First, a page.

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Have you wondered how to make your small projects run as smoothly as possible—without building in so many steps that they get cumbersome? In this course, author and project manager Bonnie Biafore shows how a successful small project starts with planning: documenting goals, identifying risks, measuring success, and confirming decision makers. The course also covers organizing your files, estimating time and costs, building a solid team, scheduling work, and getting the project underway. In addition, you'll explore how to hand out and track assignments, communicate with the team, work through issues, and bring your project to a close. This course follows the relocation of a small business as the sample project, but the course's strategies apply to a wide variety of small projects, including those in marketing, business development, product development, software development, freelancing, and the like.
This course qualifies for 1.5 Category A professional development units (PDUs) through lynda.com, PMI Registered Education Provider #4101.
The first draft of your schedule has the tasks in order and schedule to follow one after the other. But that compact schedule isn't realistic. Sometimes tasks have to occur at specific times or you need to account for delays. In addition, you might have to adjust the schedule for when your people are available. The first thing to look for when you're fine-tuning a schedule is constraints that affect when tasks have to occur. For instance, when you find a new location, the property manager might tell you that it won't be available until July 15th.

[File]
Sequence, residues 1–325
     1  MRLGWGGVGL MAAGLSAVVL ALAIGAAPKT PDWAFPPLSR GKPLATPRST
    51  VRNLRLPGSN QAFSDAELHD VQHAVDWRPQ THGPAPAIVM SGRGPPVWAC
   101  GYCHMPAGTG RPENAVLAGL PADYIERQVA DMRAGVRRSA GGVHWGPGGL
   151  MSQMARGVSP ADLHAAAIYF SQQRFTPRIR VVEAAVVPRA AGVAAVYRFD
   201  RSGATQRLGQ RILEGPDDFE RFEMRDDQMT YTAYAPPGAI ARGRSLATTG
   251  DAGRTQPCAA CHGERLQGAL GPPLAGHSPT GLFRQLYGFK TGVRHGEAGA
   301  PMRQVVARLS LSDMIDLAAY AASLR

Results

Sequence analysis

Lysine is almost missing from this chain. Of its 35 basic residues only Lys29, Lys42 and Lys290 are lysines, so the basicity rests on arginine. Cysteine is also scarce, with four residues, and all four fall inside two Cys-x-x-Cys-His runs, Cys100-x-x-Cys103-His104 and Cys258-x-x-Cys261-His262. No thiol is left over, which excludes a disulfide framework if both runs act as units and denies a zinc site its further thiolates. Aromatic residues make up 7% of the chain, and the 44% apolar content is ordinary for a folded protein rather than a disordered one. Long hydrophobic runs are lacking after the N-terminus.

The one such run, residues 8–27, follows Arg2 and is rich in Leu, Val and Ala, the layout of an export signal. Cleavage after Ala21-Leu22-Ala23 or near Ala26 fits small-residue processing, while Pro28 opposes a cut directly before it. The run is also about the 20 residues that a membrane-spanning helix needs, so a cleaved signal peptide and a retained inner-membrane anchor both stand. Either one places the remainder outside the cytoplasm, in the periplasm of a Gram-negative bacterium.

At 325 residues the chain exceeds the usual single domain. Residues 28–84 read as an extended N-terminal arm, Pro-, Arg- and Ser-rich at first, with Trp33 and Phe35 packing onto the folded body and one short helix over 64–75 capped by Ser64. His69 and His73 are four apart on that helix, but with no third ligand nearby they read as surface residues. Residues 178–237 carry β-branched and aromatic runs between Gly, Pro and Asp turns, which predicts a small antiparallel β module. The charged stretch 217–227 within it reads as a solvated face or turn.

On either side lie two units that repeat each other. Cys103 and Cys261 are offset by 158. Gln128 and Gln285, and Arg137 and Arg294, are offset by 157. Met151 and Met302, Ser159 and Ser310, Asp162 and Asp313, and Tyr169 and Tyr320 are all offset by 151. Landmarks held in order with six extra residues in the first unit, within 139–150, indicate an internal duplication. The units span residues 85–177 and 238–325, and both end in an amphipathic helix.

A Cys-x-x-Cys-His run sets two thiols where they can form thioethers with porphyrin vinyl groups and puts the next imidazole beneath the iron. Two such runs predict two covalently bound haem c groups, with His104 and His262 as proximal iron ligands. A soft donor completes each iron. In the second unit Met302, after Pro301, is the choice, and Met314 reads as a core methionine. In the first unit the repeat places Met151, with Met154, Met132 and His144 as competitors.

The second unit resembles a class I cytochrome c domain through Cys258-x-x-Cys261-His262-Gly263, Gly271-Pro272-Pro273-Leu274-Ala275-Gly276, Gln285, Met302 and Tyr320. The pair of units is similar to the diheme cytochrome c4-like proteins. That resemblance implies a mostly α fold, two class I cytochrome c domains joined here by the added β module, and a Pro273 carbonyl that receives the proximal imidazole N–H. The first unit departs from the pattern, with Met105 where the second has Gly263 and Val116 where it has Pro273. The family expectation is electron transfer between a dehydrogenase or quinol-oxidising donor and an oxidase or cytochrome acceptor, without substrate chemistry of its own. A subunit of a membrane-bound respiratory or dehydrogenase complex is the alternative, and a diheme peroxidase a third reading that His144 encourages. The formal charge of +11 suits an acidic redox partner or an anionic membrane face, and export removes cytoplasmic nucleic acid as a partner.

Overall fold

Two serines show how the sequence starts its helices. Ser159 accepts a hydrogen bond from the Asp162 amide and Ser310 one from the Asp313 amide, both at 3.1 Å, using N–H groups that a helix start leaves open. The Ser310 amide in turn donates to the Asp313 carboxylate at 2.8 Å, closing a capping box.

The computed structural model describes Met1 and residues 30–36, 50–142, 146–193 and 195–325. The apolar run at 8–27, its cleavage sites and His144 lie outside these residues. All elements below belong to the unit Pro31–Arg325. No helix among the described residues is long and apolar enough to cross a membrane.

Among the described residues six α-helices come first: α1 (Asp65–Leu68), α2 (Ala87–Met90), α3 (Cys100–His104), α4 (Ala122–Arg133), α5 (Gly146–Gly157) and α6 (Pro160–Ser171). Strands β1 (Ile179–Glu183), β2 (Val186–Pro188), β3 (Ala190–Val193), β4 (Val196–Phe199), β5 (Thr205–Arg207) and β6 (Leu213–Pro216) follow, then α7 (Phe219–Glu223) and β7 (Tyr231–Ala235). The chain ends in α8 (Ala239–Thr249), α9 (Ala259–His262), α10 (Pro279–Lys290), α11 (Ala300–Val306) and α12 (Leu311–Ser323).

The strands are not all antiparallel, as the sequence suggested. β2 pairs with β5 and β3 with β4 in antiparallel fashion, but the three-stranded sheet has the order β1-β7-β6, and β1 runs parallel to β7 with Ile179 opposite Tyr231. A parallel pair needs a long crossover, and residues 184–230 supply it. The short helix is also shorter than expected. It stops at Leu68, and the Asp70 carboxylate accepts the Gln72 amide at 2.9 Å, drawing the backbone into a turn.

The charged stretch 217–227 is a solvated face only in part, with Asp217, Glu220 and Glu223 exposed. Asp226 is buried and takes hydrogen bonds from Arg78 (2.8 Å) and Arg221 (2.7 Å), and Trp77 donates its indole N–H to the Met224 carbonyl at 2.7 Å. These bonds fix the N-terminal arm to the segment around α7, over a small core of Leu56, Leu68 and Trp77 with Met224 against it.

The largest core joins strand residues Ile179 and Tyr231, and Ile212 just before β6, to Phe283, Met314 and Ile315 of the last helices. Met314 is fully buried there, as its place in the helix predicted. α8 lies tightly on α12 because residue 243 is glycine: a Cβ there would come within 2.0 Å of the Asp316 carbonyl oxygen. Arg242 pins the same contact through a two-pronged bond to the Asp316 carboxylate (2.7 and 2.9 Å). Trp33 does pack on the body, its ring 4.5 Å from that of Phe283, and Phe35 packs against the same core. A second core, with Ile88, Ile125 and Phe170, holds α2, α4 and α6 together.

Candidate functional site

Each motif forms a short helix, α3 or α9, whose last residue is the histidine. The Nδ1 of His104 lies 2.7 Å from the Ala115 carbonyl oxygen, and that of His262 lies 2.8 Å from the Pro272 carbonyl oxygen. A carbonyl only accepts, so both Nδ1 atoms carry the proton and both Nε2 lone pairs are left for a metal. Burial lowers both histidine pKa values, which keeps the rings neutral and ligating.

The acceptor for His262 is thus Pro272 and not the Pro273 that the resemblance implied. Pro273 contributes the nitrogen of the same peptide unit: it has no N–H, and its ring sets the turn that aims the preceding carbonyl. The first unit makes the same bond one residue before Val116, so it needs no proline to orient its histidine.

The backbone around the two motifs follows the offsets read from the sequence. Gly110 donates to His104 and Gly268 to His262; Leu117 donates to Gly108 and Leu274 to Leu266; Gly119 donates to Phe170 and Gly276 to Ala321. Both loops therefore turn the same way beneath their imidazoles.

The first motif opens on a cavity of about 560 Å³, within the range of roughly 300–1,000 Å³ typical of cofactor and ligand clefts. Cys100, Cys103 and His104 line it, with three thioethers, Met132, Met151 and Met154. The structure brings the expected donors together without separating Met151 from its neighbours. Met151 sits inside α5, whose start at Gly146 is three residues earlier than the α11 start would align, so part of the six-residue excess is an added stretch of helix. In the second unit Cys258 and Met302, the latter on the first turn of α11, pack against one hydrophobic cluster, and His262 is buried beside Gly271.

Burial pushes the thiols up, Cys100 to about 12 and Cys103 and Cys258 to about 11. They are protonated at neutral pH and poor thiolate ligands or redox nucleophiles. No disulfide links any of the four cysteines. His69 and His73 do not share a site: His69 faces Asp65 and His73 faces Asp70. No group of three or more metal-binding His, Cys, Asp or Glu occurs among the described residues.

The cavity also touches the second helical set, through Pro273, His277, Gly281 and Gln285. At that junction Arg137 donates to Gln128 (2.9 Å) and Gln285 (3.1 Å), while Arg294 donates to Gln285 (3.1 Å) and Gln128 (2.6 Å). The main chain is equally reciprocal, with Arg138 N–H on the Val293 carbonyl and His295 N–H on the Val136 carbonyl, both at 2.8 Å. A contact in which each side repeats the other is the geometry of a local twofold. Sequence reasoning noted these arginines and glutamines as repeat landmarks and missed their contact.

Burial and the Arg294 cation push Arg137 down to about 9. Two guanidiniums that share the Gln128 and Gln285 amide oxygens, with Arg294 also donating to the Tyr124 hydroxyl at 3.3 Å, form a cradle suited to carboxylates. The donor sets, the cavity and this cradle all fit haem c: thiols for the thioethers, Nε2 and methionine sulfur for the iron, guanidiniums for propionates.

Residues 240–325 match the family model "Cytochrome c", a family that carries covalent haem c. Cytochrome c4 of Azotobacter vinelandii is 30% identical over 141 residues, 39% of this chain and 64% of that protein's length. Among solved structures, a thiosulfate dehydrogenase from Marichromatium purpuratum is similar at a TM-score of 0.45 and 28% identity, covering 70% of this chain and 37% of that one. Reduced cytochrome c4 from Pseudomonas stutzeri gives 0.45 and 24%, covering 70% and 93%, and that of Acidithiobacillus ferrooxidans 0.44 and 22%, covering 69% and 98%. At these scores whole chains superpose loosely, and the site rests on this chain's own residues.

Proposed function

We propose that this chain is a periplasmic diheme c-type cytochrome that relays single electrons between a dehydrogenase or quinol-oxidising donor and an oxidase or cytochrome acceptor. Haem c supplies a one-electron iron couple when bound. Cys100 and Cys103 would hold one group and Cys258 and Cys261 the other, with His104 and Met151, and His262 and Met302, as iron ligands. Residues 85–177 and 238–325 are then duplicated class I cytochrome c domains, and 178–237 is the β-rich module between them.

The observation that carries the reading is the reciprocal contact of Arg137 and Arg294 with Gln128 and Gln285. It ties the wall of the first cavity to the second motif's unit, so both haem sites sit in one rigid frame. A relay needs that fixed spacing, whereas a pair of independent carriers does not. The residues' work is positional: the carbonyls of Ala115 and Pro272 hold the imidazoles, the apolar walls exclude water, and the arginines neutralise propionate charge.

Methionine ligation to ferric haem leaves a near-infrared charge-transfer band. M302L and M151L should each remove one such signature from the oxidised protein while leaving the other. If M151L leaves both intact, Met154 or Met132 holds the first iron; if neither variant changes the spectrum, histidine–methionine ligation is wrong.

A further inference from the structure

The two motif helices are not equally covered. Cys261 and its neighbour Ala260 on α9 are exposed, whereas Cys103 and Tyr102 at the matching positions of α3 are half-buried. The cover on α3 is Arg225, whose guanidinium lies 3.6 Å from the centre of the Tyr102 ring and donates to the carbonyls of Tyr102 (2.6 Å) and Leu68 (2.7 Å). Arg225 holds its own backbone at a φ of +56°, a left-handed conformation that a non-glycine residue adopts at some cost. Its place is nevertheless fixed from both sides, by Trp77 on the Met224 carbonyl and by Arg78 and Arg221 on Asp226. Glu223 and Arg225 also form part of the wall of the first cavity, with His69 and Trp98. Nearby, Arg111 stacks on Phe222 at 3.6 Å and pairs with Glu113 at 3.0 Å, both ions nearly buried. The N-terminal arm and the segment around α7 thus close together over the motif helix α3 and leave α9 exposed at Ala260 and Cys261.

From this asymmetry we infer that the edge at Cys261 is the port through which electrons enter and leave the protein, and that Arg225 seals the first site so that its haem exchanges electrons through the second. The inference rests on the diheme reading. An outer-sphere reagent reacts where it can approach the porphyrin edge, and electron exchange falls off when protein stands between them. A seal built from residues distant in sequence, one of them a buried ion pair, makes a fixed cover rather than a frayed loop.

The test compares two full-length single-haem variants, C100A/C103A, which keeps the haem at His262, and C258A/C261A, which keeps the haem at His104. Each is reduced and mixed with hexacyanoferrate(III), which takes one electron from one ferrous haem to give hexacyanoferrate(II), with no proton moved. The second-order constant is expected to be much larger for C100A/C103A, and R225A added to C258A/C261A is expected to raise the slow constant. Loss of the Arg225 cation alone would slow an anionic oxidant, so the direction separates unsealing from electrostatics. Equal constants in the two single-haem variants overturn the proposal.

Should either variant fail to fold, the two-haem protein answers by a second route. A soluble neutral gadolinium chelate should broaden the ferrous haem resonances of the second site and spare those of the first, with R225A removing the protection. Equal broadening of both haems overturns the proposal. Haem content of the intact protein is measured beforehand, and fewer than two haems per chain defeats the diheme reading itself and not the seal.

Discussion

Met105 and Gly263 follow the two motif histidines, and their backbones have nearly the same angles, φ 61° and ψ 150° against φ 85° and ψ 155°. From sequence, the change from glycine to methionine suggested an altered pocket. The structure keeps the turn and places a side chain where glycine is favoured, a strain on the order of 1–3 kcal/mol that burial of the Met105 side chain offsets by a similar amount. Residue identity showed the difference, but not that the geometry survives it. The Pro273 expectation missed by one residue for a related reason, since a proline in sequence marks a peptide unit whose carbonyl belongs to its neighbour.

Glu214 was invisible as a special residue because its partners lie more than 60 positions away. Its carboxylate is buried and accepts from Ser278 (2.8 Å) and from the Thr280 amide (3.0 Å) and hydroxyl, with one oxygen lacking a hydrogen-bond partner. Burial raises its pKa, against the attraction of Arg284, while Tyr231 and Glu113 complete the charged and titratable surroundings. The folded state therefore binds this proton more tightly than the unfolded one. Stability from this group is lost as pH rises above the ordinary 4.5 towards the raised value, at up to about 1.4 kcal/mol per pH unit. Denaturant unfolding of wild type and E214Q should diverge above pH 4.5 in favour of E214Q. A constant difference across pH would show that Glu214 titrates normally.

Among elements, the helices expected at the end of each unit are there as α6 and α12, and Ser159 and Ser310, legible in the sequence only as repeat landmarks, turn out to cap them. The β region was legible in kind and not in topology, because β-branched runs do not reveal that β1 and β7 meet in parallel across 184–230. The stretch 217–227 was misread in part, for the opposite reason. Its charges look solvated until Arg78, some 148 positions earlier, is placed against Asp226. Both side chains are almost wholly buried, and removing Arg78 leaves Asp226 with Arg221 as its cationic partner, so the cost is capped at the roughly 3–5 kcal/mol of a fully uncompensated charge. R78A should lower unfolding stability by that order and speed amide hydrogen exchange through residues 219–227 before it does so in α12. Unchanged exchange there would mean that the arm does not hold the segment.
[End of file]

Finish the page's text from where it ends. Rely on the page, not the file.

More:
Second, there might be built-in delays between tasks that you have to take into account. For example, once you finalize the design for the build-out and submit the plans to your County Planning Department, it might take three weeks before those plans are approved. These delays are usually referred to as lag time because the start of one task has to lag a period of time after another task finishes. The third factor in fine-tuning a schedule is the availability of people to work on the project tasks.
This factor affects scheduling in a couple of ways. First, you have to take into account how many hours people work each day, and what days they work. For example, some people might work full-time while others work half-time. If you assign more than one person to a task, it will be finished in less time. For example, you estimate one person packing to take five days. If you assign two people to pack, you should estimate that it will take two-and-a-half days.
People usually aren't productive every hour of every workday because time can be chewed up with meetings, administrative tasks, or just goofing off. If you want to make your schedule a bit more realistic, you can change the duration of task to reflect the number of productive hours people work in a day. If people only get six hours of productive work in a day, a task you estimated at 24 hours will take 4 days, not 3. By paying attention to the details and constraints, you can make your project schedule more realistic, which will help your project come in on time.
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